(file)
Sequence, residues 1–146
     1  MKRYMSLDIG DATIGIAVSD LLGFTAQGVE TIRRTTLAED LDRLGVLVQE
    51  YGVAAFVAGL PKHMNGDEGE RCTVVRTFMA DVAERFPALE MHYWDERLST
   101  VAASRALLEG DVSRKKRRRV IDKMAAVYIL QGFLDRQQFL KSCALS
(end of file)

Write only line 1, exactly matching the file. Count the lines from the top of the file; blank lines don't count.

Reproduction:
Sequence, residues 1–146